Are Vaginal Lubricant Products Harmful?
I’ve heard that using vaginal lubricants can cause diseases. I don’t understand why this warning wouldn’t be on the packages. Can you tell me how dangerous it is to use these products?
Andrew Weil, M.D. |July 5, 2013
You probably have heard about results of a study showing that some lubricants can damage vaginal tissues, making women more susceptible to such sexually transmitted diseases as herpes, chlamydia and HIV. The research team, from UCLA, found that two-thirds of the women participating in the study reported using intravaginal products and among this group, 75 percent of women age 50 and older reported using a vaginal lubricant in the month before they entered the study; overall, 70 percent of the study participants who used products – women ranging in age from 18 to 65 – said that they had used vaginal lubricants in the previous month.
The investigation, published online in March, 2013, by the journal Obstetrics & Gynecology, was based on answers to a questionnaire about use of vaginal products by 141 sexually active women in Los Angeles. These women were tested for vaginal infections when the study began and again one year later. The researchers found that yeast infections and bacterial infections were most common among women who reported using products such as Vaseline petroleum jelly and baby oil – substances that are not intended for insertion into the vagina. The study didn’t examine how using these lubricant products might lead to infections, and the researchers noted that some of the women may have been using Vaseline to relieve symptoms of pre-existing bacterial vaginosis (BV). This common condition can cause abnormal discharge (sometimes with a strong odor), burning during urination, and itching, although some cases of BV are asymptomatic.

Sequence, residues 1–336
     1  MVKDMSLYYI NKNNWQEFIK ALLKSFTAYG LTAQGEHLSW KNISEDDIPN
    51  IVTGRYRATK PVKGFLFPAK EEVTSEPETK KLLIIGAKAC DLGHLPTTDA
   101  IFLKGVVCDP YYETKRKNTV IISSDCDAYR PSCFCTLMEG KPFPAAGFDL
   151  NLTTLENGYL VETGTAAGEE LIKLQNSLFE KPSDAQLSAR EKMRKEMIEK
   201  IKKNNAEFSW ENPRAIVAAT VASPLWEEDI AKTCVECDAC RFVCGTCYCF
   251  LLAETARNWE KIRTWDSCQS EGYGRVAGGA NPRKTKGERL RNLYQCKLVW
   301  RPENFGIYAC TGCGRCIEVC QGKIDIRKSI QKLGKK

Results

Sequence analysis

Among the women who reported using petroleum jelly as a vaginal lubricant, 40 percent had BV compared to only 18 percent of women who did not use it. For the record, the manufacturers of Vaseline told the Reuters news agency that the product is intended for external use only (and says so on the package) and that the company doesn’t recommend use of Vaseline as a vaginal lubricant and has “not performed any testing to support this use.”
The study also found that 44 percent of the women who reported using intravaginal oils, including baby oil, tested positive for Candida, the organism that causes yeast infections, compared to only five percent of women who did not use oils.
Of the participants in the study who reported using commercial lubricants or other over-the-counter products for vaginal use, 45 percent reported using vaginal washes such as products consisting of mixtures of vinegar and water. The UCLA researchers suggested that the higher rate of infections might stem from effects of the products on the pH and flora of the vagina, which could enable harmful bugs to proliferate. (The good bacteria that normally reside there produce acids that help protect against infections and overgrowth of other microorganisms.)
On its website, the American College of Obstetricians and Gynecologists recommends that women who need lubricants during sexual activity use water soluble or silicone based products to prevent irritation or sensitivity; silicone-based products tend to be more slippery. ACOG also warns against using petroleum jelly, mineral oil or baby oil with condoms, since these products can cause the condom to break.
Andrew Weil, M.D.